Aggregation and gelation of bovine b-lactoglobulin, a-lactalbumin and serum albumin : a thesis presented in partial fulfilment of the requirements for the degree of Master of Technology in Food Technology at Massey University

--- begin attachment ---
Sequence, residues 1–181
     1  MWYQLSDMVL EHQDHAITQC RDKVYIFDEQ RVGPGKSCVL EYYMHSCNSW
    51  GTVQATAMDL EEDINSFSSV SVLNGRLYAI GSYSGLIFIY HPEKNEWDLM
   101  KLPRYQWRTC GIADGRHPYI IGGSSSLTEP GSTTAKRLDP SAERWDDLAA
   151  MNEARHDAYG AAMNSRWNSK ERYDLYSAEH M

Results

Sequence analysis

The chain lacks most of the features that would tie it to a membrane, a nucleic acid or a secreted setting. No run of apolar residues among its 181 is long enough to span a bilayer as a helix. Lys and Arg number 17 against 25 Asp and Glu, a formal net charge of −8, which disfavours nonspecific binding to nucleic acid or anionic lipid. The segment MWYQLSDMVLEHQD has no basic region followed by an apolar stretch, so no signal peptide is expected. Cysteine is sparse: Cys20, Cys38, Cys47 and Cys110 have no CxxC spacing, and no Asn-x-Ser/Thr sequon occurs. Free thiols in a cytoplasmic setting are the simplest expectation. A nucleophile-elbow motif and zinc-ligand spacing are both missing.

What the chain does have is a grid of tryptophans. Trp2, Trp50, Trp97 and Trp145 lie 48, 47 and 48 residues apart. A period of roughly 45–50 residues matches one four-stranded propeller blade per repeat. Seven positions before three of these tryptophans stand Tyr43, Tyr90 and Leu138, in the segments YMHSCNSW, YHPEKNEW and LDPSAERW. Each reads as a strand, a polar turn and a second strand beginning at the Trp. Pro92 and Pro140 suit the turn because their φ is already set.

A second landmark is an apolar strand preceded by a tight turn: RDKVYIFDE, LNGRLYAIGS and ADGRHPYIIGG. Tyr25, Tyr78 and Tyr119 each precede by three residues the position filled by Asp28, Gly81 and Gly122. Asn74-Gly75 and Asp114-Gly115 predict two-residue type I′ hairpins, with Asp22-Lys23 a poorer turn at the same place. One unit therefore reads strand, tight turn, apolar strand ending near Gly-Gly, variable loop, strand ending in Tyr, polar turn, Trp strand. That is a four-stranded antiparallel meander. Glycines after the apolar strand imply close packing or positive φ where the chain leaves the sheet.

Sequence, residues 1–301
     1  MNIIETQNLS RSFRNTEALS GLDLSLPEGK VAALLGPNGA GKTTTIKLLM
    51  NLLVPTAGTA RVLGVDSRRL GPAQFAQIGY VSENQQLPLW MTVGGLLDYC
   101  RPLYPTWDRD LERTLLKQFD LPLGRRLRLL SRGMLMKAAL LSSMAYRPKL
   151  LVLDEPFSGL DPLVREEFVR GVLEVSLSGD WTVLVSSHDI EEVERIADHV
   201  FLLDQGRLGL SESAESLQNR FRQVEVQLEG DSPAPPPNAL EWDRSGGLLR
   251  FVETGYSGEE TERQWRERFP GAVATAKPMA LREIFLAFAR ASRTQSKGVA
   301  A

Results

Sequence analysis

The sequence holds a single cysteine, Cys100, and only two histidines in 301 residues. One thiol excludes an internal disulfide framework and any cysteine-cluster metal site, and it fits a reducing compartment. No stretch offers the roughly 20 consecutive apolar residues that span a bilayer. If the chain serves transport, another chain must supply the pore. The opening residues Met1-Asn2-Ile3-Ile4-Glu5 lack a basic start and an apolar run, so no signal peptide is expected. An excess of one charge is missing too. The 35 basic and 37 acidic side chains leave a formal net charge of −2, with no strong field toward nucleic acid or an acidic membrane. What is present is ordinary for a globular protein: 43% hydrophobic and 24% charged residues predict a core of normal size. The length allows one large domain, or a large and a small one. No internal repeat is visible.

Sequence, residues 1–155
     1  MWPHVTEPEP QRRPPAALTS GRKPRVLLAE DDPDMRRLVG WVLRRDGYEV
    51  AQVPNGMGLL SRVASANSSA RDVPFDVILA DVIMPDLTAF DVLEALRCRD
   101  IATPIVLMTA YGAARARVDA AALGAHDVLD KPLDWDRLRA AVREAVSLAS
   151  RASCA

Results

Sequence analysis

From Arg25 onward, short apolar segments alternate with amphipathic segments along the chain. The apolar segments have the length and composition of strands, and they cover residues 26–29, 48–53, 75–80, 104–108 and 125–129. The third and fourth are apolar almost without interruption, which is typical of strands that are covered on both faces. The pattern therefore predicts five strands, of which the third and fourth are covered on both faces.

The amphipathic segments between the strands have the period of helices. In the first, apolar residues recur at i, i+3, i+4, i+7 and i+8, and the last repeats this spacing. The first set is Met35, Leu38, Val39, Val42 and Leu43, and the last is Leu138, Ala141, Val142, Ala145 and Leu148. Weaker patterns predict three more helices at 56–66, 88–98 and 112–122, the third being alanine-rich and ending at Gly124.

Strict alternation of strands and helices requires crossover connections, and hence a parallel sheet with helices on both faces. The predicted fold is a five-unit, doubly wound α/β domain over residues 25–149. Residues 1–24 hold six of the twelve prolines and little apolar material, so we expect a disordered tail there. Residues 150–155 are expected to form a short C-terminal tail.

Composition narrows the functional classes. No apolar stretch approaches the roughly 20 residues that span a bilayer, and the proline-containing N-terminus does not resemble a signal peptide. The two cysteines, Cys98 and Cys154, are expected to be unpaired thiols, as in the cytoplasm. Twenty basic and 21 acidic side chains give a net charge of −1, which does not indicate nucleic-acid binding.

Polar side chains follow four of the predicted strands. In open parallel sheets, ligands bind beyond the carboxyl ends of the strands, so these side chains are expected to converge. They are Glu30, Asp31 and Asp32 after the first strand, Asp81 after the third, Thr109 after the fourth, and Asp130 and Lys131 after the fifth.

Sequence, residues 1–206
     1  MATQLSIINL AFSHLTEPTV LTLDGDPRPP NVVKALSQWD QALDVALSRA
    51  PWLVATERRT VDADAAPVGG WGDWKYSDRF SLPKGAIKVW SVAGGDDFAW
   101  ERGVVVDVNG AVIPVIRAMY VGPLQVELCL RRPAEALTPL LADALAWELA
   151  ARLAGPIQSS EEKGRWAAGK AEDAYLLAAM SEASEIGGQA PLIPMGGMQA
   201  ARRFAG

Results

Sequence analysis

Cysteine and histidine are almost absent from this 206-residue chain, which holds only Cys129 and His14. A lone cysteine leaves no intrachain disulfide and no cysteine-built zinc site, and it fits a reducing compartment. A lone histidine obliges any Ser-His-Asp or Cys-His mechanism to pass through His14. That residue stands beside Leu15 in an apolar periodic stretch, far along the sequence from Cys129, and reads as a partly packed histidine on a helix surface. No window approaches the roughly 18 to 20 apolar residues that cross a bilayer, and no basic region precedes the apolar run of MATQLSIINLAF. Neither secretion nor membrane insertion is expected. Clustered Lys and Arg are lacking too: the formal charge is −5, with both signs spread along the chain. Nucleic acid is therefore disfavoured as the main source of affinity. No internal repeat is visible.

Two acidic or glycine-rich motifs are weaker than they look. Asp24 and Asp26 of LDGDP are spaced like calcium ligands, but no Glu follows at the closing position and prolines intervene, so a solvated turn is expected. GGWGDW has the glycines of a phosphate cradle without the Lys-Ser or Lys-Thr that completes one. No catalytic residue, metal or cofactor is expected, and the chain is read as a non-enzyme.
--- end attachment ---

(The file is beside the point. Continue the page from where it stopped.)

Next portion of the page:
Gelation is one of the most important functional properties of whey proteins in food systems. The properties of whey protein gels are affected by the chemical and physical properties of its protein components, (β- lactoglobulin AB (β-Lg), α-lactalbumin (α-La) and bovine serum albumin (BSA). Heat-induced aggregation and gelation of individual whey proteins, (β-Lg, α-La and BSA and in mixture was studied by dynamic rheology and electrophoresis analysis. The proteins were dispersed in an ionic buffer containing 0.009 M CaCl , 0.012 M NaCl, 0.012 M K HPO and 0.007 M Nacitrate (pH 6.8) which was comparable to the ionic composition of 12% whey protein concentrate solution. Rheological properties of the protein solutions were measured using a Bohlin VOR rheometer after heating to 70, 75 and 80°C, holding at these temperatures for 60 min and after cooling to 25°C. Gel electrophoresis under non-dissociating (Native-PAGE in the absence of dissociating and reducing agents) and dissociating but non-reducing conditions (SDS-PAGE) was used to determine the extents of aggregation in some of the heated protein samples. Gelation temperatures of 10%, w/v, protein solutions were found to be in the range 82.5 - 84°C for β-Lg and 68 - 70°C for BSA while α-La did not gel even at 90°C. Gelation temperatures of protein mixtures containing β- Lg and BSA were dependent on the relative proportion of the two proteins in the mixture. In contrast, the protein mixtures containing β-Lg and α-La gelled at temperatures (~ 83°C) comparable to that of β-Lg alone. Rheological measurements on pure β-Lg and BSA showed that BSA solutions formed self-supporting gels at lower protein concentrations and lower temperatures. Increasing the heating temperature or protein concentration of either β-Lg or BSA resulted in higher values of the storage modulus (G'). It was apparent from the electrophoretic data that protein aggregates were formed as an intermediate prior to the formation of gel net-work. These aggregates appeared to be non-covalently linked initially and became increasingly disulphide-linked during heating. Analysis of mixtures containing β-Lg and BSA during heat treatment showed that at both 70 and 75°C the gelation time decreased with the increasing proportion of BSA. Similarly, the values of G' after 60 min of heating were greater for the gels containing more BSA. G' values of these mixtures were dependent on the heating temperature and the relative proportion of the two proteins. Gel electrophoresis data for a mixture of 5% β-Lg and 5% BSA heated at 70°C showed that prior to gelation most of the BSA had been transformed into aggregates while most of the β-Lg was essentially in the native form. Aggregates of both β-Lg and BSA were formed during heating at 75°C. At both temperatures, gelation commenced after most of the BSA had become covalently cross-linked but before all the β-Lg had become cross-linked. This effect was also apparent for other mixtures. Initially the aggregates appeared to be non-covalently linked and became increasingly disulphide linked with heating. From these results it is apparent that during heating at 70°C, BSA is the main protein forming the gel net-work and some β-Lg aggregates are probably attached to the net-work strand through either hydrophobic interactions or disulphide linkages. During heating at 75°C, two gel net-works are presumed to be formed independently, again with some interactions between the strands of the two net-works. The rheological properties of protein mixtures containing β-Lg and α-La showed that β-Lg was the dominant gelling protein. G' values decreased with increasing relative proportion of α-La in the mixture at both 75 and 80°C. Gelling times increased with increasing proportion of α-La in the mixture at both 75 and 80°C. No aggregate formation was observed during heating of α-La at 75 or 80°C. However, in the presence of β-Lg, α-La aggregated rapidly during heating. This aggregation appears to involve sulphydryl disulphide interchange reactions particulary when the mixtures were heated at 80°C. Almost all the proteins had aggregated through disulphide linkages before any significant increase in G'. It is suggested that during heating and prior to gelation co-polymers of both β-Lg and α-La were formed and this resulted in heterogeneous net-work strands being formed. The results presented in this study suggest that slight differences in the protein composition of WPC are unlikely to affect the gelation properties of WPC. Further studies into the effects of immunoglobulins (Igs) are needed in order to gain further understanding of the contributions of these proteins to rheological properties of WPC gels.